ICANN Approves New gTLDs: SEO Implications

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ICANN Approves New gTLDs: SEO Implications


Posted by Jonah A. Berger, SEO Manager

SEO effect not to be felt at the outset, but businesses should take note

Internet Corporation for Assigned Names and Numbers (ICANN), which oversees the world’s domain name system, recently voted in favor of introducing new gTLDs to the Webosphere. Starting January 2012, established public and private organizations can apply for the rights to the gTLD(s) of their choice – both branded (e.g. .mcdonalds) and non-branded (e.g. .restaurant) – at a cost. The one-time evaluation fee is $185,000 and owners will need to pay a recurring fee of $25,000 annually. The evaluation process can take anywhere from 9 to 20 months, so it can be assumed that the first of the new gTLDs will go live in 2013.

This blog provides additional background on the ICANN announcement, discusses how it may impact gTLDs moving forward, and describes what it could mean for brands and the future SEO landscape. 

A Hefty Price Tag and Shades of Gray

No matter how successful the new gTLDs become, what can’t be overlooked today is the fact that their unveiling will be most beneficial for big business. Companies that don’t find themselves on or anywhere near the Fortune 500 list probably don’t have hundreds of thousands of dollars set aside for a rainy day, especially if that day approaches but the forecast is mixed. Essentially, this is the case because as appealing as it sounds to have a brand name appearing to the right of the dot in a URL, there’s no guaranteed ROI and no way to tell when – and if – Web users are going to move away from typing .com without hesitation and toward a .yourbusinessname or even .yourvertical. It can be assumed that if a product like Diet Coke is moved to diet.coke, plenty of users will still be typing dietcoke.com or even diet.coke.com into their address bars. As for search engines, which are discussed later on, whether or not (and when) they adopt the new gTLDs is up in the air, as is the value the gTLDs will provide sites.  

“Out With the Old, in With the New” Can be Beneficial

This isn’t to say that there won’t be some benefits to gTLD ownership. There are only two dozen or so gTLDs in existence today, including the usual (i.e. .com, .org, .net) and not so usual (i.e. .museum, .travel, .coop) suspects. According to domaintools.com, the Web contains more than 95 million active .coms, nearly 14 million .nets and just over 9 million .orgs – which add up to  some serious competition for visibility. Up to this point, companies have not been able to holistically brand their URLs and separate themselves from the rest. Instead, the Coca-Colas and Pepsis of the world have had to place a .com (or another oft-used suffix) at the end of their URLs because that’s all they were allowed to do and what everyone else was doing. With this latest change in how URLs will be structured, displayed and ultimately remembered, it’s possible for Coke to own .coca-cola (or .coke) and all the domains and subdomains within it, while Pepsi and other competitors can do the same.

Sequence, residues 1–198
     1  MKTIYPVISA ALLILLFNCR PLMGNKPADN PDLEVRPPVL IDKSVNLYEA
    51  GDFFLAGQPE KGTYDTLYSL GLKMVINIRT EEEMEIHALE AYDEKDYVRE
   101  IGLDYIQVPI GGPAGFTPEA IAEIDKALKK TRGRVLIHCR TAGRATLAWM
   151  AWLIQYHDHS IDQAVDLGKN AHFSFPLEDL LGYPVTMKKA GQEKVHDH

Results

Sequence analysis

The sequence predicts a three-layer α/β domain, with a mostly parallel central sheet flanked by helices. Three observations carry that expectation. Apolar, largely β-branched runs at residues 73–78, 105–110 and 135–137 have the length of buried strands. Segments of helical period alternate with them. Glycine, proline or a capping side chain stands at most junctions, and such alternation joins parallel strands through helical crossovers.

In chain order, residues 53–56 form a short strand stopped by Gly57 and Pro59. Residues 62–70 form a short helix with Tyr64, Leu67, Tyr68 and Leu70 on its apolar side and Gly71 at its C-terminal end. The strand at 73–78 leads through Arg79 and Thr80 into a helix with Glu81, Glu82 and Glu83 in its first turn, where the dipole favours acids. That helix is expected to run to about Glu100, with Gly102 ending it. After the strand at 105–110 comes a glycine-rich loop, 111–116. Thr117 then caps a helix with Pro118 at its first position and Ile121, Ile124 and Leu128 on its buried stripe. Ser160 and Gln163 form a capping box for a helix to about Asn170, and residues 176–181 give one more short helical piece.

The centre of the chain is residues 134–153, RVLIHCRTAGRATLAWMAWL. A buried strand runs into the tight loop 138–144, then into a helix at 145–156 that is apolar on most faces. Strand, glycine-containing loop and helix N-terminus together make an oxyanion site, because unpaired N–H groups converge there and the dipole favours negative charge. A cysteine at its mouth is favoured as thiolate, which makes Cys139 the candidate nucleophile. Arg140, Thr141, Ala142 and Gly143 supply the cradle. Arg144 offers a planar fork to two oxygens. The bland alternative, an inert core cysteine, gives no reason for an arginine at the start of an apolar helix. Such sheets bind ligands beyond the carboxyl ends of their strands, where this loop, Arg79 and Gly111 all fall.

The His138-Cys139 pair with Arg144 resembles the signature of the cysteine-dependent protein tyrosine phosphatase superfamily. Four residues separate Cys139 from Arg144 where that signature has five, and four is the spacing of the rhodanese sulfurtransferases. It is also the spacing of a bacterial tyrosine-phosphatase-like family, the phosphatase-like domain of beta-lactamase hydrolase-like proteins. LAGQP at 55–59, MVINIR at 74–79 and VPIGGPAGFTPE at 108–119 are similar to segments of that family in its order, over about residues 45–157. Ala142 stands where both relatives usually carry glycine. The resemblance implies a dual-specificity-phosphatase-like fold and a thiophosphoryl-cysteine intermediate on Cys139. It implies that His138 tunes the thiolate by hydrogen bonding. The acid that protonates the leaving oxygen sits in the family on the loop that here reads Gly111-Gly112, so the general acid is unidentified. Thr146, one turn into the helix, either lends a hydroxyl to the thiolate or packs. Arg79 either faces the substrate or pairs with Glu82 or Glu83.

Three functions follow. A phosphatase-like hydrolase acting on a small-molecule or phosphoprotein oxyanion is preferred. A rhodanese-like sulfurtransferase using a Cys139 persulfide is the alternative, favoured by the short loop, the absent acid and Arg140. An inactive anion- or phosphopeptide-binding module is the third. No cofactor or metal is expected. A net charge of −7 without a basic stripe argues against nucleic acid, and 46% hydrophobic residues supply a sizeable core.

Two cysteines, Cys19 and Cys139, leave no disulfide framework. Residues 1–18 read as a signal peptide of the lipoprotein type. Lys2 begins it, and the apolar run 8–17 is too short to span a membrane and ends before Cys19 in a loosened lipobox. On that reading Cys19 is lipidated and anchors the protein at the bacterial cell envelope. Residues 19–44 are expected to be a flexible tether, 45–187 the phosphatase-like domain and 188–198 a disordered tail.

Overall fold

The new gTLDs can improve more than just URL structure. Online safety for a brand can also be enhanced as domain squatters can no longer be the first in line to buy the domains (especially with a price tag of $185,000 attached to each) of trademarked brands and then sell them for a profit. Under the new gTLD regime, domains that abuse trademarks will be taken down immediately.

What This Could Mean for SEO

At the outset, the new gTLDs aren’t likely to dramatically affect the SEO landscape. If you’re not a big brand and don’t have the budget – like most – that’s required to purchase a new gTLD, you should instead continue to focus on the best practices that grease the SEO wheels today. Search engines and the hundreds of signals that comprise their ranking algorithms are still dialed in to focus on quality content and enriched link portfolios as drivers to visibility and rank. One of these signals, age of domain, is still relevant, so it’s sensical that a new gTLD would need time to garner equity before a search engine like Google assigns it appropriate value. Plus, with more than 95 million active .coms populating the Web (and millions more websites housed under the other current gTLDs), it’s safe to say that the value of having a .com or .net isn’t likely to change anytime soon.

If you are a big brand that has the budget necessary to purchase a gTLD that bears your name, it could be a wise option to consider down the road from a branding and marketing standpoint – especially if competitors are swooping in and doing the same. Due to the rise of social networks, mobile devices and the “I need information right now” attitude of those who use them, as well as microblogging sites like Twitter that rely on URL shortening services, the speed at which people communicate is picking up by the day.

So too are the buzz and uncertainty that the new gTLDs continue to generate.

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